I need to stain some raw cedar for an indoor fireplace mantel I'm building. I'm thinking a prestain/conditioner followed by an oil-based stain is probably my best bet, although there seems to be an even split in opinions as to water-based vs. oil-based products. I'm not really worried about fumes or clean-up. I'd just like to get deep color that enhances the grain and lasts. Any advice?
Feb 08, 2013, 05:59 AM
What kind of cedar (red or white)and how much grain does it have naturally? If it is red cedar with a pronounced grain, staining might actually obscure the grain rather than enhance it. White cedar usually has a less pronounced grain. Cedar is a very soft wood, so it darkens quite a bit when you apply an oil-based finish. Before you stain it, do a test using mineral spirits (paint thinner). Just wipe some on the wood and see how it reacts. If it looks good, skip staining all together and finish the wood with a clear oil-based polyurethane. If the paint thinner trick doesn't yield the results you are looking for, try a light stain, but I would skip pre-staining as it will seal the grain and prevent the wood from absorbing the stain. In any event, use oil-based products as water-based will not give the effect you are looking for.
Feb 08, 2013, 10:23 AM
I believe it's white cedar. I tried the mineral spirits. It produced the same result that I found when I used Varathane Wood Conditioner by itself. Both the mineral spirits and the Varathane turned the wood a light honey color, which surprised me. I thought both were colorless. Regarding your advice about "skip pre-staining": I thought that since cedar is a soft wood, it's the perfect candidate for pre-staining in order to prevent blotching. No?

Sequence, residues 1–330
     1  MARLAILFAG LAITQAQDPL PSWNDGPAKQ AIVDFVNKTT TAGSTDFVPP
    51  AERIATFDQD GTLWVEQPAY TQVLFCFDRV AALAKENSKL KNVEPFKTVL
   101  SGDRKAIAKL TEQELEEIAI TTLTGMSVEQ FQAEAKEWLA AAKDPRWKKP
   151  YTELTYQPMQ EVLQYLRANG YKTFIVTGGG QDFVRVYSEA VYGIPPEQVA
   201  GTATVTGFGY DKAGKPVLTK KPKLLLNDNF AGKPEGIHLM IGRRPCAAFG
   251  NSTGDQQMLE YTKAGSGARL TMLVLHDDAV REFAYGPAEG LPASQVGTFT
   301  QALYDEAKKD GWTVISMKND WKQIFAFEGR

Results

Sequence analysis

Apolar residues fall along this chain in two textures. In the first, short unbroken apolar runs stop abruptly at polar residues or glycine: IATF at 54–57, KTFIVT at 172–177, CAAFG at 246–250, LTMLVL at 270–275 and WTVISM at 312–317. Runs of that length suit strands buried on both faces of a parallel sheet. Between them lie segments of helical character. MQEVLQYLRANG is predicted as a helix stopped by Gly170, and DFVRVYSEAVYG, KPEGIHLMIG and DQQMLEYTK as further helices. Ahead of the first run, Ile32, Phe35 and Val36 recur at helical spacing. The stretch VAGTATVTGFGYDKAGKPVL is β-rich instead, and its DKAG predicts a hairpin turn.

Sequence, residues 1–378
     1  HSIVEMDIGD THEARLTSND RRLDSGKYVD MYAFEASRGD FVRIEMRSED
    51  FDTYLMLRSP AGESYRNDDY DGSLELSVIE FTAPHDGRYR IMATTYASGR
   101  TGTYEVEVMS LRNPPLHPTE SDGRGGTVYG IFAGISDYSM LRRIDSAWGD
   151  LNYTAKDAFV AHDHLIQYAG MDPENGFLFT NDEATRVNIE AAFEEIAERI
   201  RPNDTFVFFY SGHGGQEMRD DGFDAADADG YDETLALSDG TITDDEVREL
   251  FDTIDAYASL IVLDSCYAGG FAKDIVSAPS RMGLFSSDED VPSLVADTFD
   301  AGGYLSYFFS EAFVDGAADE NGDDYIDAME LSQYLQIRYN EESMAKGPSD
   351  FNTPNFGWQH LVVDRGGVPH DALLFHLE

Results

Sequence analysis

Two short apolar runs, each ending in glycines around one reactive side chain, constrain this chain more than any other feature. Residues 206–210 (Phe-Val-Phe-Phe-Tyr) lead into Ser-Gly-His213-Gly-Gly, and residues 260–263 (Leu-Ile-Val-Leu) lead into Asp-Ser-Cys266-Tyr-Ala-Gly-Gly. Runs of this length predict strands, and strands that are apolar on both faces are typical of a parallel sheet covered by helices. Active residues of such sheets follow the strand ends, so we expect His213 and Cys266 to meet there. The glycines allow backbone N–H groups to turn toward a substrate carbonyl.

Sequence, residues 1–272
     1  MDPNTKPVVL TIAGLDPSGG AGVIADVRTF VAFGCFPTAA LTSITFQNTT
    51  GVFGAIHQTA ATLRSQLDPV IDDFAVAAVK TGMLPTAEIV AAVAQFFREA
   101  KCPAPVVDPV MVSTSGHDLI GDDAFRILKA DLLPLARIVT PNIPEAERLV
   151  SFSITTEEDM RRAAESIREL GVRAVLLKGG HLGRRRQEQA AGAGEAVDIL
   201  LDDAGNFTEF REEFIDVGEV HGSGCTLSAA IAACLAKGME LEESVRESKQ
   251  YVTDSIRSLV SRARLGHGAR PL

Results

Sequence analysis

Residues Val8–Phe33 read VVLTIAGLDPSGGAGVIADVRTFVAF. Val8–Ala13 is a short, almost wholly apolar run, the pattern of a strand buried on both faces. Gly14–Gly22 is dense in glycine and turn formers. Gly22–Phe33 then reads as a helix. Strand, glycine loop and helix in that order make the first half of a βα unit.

Feb 09, 2013, 10:46 AM
I was assuming you had red cedar since that is more commonly available than white. The results you report lead me to agree that you have white cedar, which has much less definition in its grain. If it was red cedar, you would have seen a dramatic change in the wood's appearance.
Some kind of stain will help accentuate what grain is there. My concern is that pre-staining would diminish the effect you seek. Your best bet would be to do a couple of test pieces, one with pre-stain and one without and see which gives you what you are looking for.This message has been edited. Last edited by: joecercone,
Feb 23, 2013, 09:04 PM
If you have access to real shellac, or even the shellec you get at hd/lowes (zinsser-bullseye) would be the best step for preconditioning in my opinion.
Just my opinion, it will also add a little warmth to the wood. I would likely put some polyurethane over that.
Feb 24, 2013, 04:18 PM
wood conditioner is commonly used to prevent blotching on soft woos, even on some hard woods as well. the best way to get the result you wantis to mix your own stain. Very rarely does the stock colors give you the result you need. I use ( as suggested by the gurus at minwax ) a oil base neutral as the main color (?) then add other stains to it until I reach the color I want.The most important thing is to keep a record of what you add and to what as well as the proportions I usually take a half pint of neutral and add other colors by the teaspoon ( or a fraction of one ), write down what I used then when the desired color is obtained, multiply it out for a qt. of neutral Don't add stain to varnish,or poly, as it will screw up both. Add stain to stain then finish with a covercoat you want, poly, varnish, shellac, laquer, etc.